Keir on Eco issues:
My issue is climate change with a specific focus on energy.
PIF ties together the arts and the issue of the environment in a unique way that brings a greater scope to the issues and the reach of the audience.
When I worked at Toronto Community Housing I was working on a recycling program as part of my duties as Green Plan Manager. We had a tool kit of posters, flyers etc. There was a man in his 80’s at one building who decided the posters were too complicated. He printed out some very simple posters every week. One would have something that you could recycle, for instance a cardboard egg carton, and another with one you could not. The one you could had a circle around it and the one you could not had a circle with a line through the product. Simple to understand and crossed all languages and learning issues. Brilliant! He was my hero.
Stuart Toye is a Chartered Accountant and Chartered Business Valuator with Kalex Valuations Inc. in Toronto. His work focuses on the valuation of privately-held business interests and providing financial litigation support. Stuart joined the PIF Board in 2010.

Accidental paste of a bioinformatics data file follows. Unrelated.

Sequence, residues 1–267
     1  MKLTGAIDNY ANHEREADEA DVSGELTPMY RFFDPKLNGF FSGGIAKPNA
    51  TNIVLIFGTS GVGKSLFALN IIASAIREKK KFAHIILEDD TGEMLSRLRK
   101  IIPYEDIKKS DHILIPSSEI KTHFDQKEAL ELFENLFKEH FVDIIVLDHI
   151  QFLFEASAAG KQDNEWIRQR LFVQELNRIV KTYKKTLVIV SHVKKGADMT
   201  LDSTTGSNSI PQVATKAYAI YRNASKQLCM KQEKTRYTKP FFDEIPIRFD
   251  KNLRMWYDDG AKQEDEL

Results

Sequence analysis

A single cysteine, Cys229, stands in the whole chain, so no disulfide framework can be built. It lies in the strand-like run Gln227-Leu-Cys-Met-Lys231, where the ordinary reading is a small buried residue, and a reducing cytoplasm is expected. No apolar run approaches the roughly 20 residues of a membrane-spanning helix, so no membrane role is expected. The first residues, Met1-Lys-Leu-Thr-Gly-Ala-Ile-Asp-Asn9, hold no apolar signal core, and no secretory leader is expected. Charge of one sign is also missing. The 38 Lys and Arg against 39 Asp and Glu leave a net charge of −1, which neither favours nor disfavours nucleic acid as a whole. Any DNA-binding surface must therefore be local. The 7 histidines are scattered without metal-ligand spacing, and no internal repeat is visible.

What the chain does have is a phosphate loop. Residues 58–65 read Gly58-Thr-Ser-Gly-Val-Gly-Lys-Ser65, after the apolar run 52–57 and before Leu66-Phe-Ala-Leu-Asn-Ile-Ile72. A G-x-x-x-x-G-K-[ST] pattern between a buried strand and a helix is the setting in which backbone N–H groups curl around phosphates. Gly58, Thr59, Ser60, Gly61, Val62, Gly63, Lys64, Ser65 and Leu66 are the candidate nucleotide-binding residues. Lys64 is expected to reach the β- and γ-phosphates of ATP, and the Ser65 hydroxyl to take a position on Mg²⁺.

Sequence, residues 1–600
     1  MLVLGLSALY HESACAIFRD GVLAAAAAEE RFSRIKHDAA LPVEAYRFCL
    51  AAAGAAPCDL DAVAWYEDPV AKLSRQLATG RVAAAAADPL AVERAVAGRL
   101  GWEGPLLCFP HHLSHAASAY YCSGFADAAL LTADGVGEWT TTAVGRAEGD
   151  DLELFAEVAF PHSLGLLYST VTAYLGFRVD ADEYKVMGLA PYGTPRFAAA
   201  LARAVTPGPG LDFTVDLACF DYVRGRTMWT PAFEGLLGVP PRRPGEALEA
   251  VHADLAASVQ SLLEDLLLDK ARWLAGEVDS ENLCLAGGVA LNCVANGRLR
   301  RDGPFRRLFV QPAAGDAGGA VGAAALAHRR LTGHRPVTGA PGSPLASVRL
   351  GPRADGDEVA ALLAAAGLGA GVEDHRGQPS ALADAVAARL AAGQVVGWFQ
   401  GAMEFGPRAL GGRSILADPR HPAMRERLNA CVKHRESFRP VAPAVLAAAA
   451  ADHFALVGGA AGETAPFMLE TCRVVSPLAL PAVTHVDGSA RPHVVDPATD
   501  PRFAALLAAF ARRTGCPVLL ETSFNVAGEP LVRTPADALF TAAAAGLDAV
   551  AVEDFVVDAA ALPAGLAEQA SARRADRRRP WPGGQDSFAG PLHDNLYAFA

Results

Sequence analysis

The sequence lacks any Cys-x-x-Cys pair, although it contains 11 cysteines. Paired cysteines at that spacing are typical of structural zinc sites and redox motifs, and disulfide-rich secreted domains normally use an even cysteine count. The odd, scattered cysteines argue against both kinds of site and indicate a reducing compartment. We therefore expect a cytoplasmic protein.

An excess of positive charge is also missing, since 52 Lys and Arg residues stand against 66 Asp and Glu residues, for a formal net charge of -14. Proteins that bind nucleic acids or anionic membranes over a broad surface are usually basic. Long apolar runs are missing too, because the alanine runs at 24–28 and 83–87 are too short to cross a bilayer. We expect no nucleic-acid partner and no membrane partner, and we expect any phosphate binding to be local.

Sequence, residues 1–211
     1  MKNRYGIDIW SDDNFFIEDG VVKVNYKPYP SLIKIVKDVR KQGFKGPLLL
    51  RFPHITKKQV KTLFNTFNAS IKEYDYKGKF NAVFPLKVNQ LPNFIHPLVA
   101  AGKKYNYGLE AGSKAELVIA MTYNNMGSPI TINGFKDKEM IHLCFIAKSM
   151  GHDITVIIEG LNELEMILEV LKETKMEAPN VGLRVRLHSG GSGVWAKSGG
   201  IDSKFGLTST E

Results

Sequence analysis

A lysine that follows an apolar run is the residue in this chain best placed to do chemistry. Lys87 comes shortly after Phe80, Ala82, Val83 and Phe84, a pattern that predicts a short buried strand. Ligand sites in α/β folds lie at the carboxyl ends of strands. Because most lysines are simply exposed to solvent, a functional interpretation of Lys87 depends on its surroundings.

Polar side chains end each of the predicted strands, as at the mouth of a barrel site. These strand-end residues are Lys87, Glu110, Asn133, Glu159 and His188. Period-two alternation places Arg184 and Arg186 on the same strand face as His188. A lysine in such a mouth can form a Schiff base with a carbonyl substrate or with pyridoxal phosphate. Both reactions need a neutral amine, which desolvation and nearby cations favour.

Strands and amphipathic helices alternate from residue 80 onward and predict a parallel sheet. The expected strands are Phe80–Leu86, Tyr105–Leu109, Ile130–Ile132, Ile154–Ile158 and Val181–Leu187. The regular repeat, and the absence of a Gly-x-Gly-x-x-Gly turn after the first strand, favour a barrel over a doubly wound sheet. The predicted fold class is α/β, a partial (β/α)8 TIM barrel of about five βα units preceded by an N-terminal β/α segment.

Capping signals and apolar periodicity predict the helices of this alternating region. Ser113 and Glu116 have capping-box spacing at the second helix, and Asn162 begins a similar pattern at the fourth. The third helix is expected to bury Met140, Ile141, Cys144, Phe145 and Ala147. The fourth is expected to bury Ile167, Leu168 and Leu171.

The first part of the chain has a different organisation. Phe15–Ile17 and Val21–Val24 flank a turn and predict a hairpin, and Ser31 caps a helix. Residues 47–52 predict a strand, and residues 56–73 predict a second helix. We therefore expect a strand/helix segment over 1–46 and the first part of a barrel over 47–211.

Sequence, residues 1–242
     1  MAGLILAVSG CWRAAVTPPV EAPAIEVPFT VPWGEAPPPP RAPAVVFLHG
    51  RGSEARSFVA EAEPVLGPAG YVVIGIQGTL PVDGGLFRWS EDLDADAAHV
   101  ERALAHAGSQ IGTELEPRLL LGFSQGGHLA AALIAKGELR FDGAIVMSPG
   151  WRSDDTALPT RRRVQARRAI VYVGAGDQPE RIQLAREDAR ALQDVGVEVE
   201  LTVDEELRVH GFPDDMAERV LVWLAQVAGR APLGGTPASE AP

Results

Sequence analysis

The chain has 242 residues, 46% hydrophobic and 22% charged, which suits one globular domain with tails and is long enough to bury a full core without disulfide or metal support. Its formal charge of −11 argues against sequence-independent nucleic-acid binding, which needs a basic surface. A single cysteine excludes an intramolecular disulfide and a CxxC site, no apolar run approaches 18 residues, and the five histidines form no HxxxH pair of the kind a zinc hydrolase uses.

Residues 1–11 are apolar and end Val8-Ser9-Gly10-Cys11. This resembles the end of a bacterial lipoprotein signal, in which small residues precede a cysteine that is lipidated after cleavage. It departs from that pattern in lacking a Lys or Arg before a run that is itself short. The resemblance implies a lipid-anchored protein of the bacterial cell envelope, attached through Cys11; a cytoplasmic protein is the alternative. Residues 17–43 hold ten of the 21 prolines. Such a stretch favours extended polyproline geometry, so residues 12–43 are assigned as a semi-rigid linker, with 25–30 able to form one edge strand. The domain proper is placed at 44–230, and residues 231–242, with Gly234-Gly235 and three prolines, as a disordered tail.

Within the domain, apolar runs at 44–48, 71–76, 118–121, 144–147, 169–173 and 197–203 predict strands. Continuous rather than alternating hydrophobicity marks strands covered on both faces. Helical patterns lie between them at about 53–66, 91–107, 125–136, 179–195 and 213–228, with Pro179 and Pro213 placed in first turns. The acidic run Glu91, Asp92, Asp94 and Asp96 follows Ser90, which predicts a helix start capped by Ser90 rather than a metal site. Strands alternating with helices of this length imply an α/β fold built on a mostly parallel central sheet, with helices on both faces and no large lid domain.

Mr. Toye was born in Scotland and grew up in St. Catharines, Ontario where he graduated of Brock University. In the early 1990′s, Stuart spent two summers planting thousands of trees in northern British Columbia and Alberta and wonders how they are doing today. In his spare time, Stuart enjoys playing sports and spending time outdoors, specifically enjoying Ontario’s provincial parks and camping/canoeing in Killarney and Algonquin.
Joseph F. Castrilli is recognized as one of the most experienced environmental lawyers in Canada: by the Law Society of Upper Canada, where he is certified as a specialist in environmental law; and by Lexpert, where he is identified year after year as an environmental lawyer repeatedly recommended by his peers.